At the heart of an election in a membership organisation are a group of individuals who care enough to stand because they believe in the profession. They all have a worthy contribution to make and will already have a proven track record of having done so. Be mindful of this and think also about working relationships after the election is over; what will the consequences of your actions be?

#6 Focus

It is very easy to get drawn into circles of activity where there is a lot of noise. Focus on the strengths of your own campaign. Draw out any pledges you've made, create fresh content such as blogs and podcasts, and use topical news stories as examples as I did with gender pay reporting.

#7 Know the rules

There are many rules and regulations governing the election. Be sure of your campaign footing. It helps to build a relationship with the CIPR's Returning Officer who can clarify any questions and provide a final decision on any grey areas. I'm grateful to Martin Turner for his support over the last few weeks.

#8 Harness groups

One of the key things to keep front of mind is that it's down to the membership to choose who they want to lead the CIPR. It's not for the elected leaders to choose for them. As such, harness the groups and see if you can secure committee backing. I'm grateful to the CIPR Scotland and North East groups for publicly endorsing my bid and manifesto. Thank you.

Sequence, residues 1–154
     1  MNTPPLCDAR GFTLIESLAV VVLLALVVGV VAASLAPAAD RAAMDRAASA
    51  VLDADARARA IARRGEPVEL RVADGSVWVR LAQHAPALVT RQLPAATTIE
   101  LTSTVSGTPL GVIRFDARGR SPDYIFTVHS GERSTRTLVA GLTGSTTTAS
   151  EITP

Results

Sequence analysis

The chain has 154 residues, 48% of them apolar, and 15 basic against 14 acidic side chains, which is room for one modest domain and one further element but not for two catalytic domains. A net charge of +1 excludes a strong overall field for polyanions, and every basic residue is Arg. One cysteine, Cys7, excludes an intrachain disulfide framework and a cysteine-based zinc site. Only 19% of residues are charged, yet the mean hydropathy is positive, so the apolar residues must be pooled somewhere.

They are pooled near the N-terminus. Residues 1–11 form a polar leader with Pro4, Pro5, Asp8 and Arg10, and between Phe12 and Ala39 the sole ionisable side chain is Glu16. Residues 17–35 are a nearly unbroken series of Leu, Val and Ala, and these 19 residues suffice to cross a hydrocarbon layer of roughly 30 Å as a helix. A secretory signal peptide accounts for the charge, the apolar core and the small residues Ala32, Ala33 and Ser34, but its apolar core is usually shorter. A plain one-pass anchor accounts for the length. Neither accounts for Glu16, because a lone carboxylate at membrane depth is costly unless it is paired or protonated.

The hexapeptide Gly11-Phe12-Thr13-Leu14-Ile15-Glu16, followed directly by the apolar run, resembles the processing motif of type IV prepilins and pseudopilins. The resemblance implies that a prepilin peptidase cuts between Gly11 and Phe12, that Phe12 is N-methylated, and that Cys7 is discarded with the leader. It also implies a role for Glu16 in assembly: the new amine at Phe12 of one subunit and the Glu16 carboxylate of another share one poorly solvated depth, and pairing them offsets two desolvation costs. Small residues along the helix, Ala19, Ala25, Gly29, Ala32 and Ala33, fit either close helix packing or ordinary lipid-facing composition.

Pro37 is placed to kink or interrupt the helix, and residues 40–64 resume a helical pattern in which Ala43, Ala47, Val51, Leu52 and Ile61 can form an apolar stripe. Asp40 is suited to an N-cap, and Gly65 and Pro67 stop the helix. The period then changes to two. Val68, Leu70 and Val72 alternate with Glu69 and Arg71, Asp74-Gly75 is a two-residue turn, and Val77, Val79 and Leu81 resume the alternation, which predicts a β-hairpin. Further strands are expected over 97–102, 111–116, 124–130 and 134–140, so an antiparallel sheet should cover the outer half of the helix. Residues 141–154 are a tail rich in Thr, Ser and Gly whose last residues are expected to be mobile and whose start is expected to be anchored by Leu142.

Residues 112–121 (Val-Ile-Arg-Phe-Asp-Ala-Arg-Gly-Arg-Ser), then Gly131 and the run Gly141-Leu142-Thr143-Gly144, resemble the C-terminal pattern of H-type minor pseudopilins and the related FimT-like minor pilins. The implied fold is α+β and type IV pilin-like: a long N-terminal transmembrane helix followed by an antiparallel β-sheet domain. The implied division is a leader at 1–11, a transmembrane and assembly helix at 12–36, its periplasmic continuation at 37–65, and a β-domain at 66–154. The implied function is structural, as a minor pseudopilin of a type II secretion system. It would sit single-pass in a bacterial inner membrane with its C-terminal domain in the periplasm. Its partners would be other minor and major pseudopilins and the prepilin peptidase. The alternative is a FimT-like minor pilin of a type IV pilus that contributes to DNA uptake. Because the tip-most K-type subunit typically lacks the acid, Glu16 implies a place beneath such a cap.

#9 Speak out on issues that matter

One of my pledges is to speak out on behalf of the CIPR and wider industry and I put my money where my mouth is. In the last ten days alone I have secured coverage in PRWeek, PRcareers and PRmoment, on the Women in PR website and in a range of key industry blogs.

Thank you to PRWeek's Sam Burne James, PRcareer's Sarah Stimson, PRmoment's Daney Parker, Women in PR's Mary Whenman, and all those who featured me.

#10 Build advocacy

I have been very fortunate to receive some strong support from people who have gone the extra mile and produced their own content encouraging people to vote for me.

My thanks to Liz DaviesPaul Sutton, Andy Green, Gemma Griffiths and Stephen Waddington, in particular. 

#11 Take business cards

Here's a major school girl error. Take business cards with you everywhere. It makes networking a hell of a lot easier. 

#12 Take time out

The campaign trail is exhilarating and exhausting. What you're standing for matters. I've put passion and energy into everything I've done because I'd be proud to lead the CIPR. But keep perspective - what matters is you, your health and your family, partner and friends. Those are the things that allow you to step forward in this way.

#13 Say thank you

#FuturePRoof: Edition Two ends with a fantastic chapter on expressing gratitude by Dr Nicky Garsten, Dr Ed de Quincey and Professor Ian Bruce. I'm going to follow suit. Say thank you all the way through. It can never be said enough. I'll never forget the help and support that I've had throughout the election period.

So, finally, thanks to anyone who's been there, all those who have voted and special thanks to Emma Leech and Gary Taylor for being great President-Elect candidates.

Whoever wins, the CIPR will be in excellent hands.